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    We could never have sprinklers in our house. they would be set off every day by someone with fire works, burning food on the stove, or lighting someones seat on fire.

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    It's called a standby fee and is supposedly charged to offset the cost of water that is stored in the lines and is used for testing, maintenance etc. This is not my ballywick, but I believe in NJ those fees have been outlawed.

    Are you a public FD? If so, you might try taking this one to the streets. I would guess that the public would be outraged at this abuse of taxation authority when an agency is doing the responsible thing in trying to protect their assts and resources.

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    Quote Originally Posted by ehs7554 View Post
    We could never have sprinklers in our house. they would be set off every day by someone with fire works, burning food on the stove, or lighting someones seat on fire.
    We're talking fire sprinklers here -- not smoke detectors. If firehouse pranks set off the sprinklers it's because some bozo has set the house on fire and they need to go off...
    "Nemo Plus Voluptatis Quam Nos Habant"

    The Code is more what you'd call "guidelines" than actual rules.

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    Tell them you will pay the $25.00 on the month you use their water.
    Psychiatrists state 1 in 4 people has a mental illness.
    Look at three of your friends, if they are ok, your it.

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    Quote Originally Posted by DeputyMarshal View Post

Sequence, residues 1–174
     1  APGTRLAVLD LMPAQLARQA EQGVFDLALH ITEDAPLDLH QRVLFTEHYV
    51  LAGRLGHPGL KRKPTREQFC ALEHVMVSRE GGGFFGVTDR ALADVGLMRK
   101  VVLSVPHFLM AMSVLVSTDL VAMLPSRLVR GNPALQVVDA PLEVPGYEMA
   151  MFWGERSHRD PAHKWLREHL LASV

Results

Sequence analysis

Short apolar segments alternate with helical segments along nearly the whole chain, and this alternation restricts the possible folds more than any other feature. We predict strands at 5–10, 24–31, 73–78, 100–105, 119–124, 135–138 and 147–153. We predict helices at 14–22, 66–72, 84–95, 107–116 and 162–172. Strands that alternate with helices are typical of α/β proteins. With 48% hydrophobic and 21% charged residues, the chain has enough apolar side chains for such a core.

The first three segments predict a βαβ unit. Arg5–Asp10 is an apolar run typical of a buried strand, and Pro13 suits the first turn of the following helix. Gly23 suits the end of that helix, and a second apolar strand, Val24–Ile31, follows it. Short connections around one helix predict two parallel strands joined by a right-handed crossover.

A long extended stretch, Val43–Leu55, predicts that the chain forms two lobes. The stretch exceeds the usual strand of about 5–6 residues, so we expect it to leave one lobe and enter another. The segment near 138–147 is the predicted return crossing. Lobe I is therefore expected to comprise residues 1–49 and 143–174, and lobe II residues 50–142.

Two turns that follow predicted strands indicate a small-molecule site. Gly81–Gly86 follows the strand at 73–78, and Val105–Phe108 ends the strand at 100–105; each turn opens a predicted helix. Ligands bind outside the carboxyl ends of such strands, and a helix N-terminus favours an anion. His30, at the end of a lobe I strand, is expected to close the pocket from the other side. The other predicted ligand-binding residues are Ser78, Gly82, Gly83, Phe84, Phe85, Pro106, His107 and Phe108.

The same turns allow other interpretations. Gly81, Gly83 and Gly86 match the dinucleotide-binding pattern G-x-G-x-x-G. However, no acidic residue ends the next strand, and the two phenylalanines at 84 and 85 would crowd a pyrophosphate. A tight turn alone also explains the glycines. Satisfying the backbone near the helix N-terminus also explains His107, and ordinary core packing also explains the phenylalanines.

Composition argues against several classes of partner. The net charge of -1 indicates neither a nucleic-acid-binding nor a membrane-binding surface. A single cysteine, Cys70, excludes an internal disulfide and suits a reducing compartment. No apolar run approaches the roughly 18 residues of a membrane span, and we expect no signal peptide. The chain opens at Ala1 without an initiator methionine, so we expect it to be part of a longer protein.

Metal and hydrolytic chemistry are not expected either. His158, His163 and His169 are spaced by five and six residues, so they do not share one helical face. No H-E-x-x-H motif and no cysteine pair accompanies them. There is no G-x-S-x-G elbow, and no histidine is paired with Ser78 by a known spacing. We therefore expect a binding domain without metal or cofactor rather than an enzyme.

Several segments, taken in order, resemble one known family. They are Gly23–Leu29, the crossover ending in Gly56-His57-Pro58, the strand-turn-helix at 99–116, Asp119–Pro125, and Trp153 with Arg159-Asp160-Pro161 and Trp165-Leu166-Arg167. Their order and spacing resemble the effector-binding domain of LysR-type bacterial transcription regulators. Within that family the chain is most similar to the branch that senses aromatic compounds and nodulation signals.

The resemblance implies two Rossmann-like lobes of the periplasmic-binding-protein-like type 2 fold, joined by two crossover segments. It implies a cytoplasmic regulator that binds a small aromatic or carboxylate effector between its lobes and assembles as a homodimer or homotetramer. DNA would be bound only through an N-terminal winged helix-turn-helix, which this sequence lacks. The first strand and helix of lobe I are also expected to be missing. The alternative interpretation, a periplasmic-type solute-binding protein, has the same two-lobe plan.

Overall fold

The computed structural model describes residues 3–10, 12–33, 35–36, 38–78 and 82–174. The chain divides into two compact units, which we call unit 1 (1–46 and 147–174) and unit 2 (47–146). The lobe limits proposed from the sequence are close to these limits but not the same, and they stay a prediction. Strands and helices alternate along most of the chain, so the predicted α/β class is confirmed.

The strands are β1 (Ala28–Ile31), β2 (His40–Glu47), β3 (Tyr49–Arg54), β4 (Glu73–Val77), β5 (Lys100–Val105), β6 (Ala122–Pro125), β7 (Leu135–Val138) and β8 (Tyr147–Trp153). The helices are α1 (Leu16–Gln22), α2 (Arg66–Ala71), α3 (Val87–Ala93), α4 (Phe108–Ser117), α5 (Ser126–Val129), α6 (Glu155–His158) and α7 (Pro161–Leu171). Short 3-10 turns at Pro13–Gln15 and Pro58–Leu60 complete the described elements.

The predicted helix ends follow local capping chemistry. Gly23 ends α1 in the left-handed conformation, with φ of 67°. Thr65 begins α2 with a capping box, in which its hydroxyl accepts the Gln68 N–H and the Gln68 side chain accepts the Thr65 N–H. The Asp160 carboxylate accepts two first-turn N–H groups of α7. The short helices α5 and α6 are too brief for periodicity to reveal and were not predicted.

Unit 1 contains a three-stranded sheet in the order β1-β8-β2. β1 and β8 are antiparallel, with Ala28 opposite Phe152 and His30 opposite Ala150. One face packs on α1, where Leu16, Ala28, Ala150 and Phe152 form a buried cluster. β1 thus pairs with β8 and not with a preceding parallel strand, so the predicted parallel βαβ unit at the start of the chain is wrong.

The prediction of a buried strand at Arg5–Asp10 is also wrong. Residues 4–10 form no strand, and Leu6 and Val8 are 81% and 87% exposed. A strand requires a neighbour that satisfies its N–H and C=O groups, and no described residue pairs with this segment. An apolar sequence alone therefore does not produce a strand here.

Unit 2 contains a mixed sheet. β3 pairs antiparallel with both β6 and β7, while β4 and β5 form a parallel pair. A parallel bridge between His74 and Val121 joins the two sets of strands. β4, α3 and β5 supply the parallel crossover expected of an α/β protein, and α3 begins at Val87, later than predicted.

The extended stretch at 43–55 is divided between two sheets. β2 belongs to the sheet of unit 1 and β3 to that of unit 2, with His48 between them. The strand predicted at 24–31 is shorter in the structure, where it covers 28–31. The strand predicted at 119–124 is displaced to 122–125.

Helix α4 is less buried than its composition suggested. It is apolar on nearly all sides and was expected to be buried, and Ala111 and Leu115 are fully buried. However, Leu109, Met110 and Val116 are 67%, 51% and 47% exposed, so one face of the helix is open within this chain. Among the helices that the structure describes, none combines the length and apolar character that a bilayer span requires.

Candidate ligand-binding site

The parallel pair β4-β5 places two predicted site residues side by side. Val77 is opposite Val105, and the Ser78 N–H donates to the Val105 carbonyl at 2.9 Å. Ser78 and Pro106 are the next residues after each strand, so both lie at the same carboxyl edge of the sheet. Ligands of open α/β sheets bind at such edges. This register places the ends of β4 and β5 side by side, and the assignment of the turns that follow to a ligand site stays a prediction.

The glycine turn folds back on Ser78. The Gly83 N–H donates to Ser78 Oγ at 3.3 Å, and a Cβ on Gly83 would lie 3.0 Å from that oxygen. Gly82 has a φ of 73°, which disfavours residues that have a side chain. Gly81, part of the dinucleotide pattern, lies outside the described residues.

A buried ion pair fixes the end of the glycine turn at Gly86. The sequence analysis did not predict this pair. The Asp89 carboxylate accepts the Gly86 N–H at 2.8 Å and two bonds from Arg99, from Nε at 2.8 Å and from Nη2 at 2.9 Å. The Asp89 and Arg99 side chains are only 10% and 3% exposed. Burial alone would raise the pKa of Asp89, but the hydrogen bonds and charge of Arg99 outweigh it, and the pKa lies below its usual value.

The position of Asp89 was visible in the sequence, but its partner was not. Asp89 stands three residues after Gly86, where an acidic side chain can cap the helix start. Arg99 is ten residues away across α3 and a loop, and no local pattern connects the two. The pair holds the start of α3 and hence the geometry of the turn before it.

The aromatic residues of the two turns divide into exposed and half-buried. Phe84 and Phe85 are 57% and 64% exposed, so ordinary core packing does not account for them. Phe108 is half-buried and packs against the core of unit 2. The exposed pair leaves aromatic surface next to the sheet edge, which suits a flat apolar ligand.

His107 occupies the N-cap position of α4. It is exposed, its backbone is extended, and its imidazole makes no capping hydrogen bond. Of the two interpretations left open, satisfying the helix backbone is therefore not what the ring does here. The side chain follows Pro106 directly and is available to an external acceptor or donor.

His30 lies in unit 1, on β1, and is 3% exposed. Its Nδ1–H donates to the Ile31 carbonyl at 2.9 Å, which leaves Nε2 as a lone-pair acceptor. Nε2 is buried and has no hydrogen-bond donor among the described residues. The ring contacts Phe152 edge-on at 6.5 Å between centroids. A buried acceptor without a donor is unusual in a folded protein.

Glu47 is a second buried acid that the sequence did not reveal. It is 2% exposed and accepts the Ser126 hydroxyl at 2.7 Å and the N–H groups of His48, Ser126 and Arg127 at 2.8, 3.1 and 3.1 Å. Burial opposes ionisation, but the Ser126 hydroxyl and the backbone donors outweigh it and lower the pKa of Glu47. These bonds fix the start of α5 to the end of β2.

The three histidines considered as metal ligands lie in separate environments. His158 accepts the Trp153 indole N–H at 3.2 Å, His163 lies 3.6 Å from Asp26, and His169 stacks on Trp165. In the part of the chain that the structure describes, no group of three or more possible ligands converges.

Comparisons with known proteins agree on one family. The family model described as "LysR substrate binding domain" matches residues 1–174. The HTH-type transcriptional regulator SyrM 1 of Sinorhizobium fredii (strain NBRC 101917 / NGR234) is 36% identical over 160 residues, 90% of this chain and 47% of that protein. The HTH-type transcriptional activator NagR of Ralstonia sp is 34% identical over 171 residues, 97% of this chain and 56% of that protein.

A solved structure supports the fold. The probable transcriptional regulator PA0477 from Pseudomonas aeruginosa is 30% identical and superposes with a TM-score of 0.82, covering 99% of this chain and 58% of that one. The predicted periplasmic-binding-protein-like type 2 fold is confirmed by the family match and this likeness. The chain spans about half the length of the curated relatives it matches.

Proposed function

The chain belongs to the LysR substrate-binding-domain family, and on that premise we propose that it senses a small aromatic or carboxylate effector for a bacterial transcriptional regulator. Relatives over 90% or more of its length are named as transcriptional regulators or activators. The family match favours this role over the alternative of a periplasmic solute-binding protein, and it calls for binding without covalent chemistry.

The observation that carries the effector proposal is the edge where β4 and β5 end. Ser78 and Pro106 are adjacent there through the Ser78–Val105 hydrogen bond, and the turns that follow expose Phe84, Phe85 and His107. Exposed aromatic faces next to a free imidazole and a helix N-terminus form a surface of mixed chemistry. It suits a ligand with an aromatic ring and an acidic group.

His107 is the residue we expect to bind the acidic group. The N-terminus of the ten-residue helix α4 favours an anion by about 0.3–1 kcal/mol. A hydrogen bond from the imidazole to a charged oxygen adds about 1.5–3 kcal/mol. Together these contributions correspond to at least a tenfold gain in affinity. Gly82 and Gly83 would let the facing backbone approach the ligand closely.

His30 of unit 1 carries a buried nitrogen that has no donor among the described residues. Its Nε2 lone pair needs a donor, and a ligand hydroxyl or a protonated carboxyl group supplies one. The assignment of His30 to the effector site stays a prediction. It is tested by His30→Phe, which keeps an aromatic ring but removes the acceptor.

We're talking fire sprinklers here -- not smoke detectors. If firehouse pranks set off the sprinklers it's because some bozo has set the house on fire and they need to go off...
    We taped off all the smoke detectors in the west side bunk room one day and set up the smoke machine in there. We had the room banked down better then some fires we've been to.

    We forgot to tape off the detectors in the hallway though. And with someone opening and closing the doors it set off the hallway smoke detectors and fire alarm.

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    We have them and it sucks, although firecrackers still dont do much :-) But no more smoking out the housewatch with the garbage can :-(

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    Quote Originally Posted by DeputyMarshal View Post
    We're talking fire sprinklers here -- not smoke detectors. If firehouse pranks set off the sprinklers it's because some bozo has set the house on fire and they need to go off...
    In the past there has been a few kithchen fires in the house and very often we have a set of sheets or sleeping bag burn up. It happens.

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    Question Huh?...................

    Quote Originally Posted by ehs7554 View Post
    In the past there has been a few kithchen fires in the house and very often we have a set of sheets or sleeping bag burn up. It happens.


    I was gonna ask........... Nevermind.
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    This is a link to an Executive Leadership Paper reporting on a study that was conducted on sprinkler standby fees. Here is an abstract:

    http://www.usfa.dhs.gov/pdf/tr_95tw.pdf

    Standby water fees/user fees for fire sprinkler system connections to water mains, levied by water utility agencies, were being challenged as excessive and unwarranted by fire protection organizations. Most water utility agencies claimed a right to charge standby water fees/user fees and believed they were reasonable and justified. The purpose of the research was to identify and evaluate the issues on both sides of the debate and to formulate recommendations. Historical and descriptive research methodology was use to answer these questions: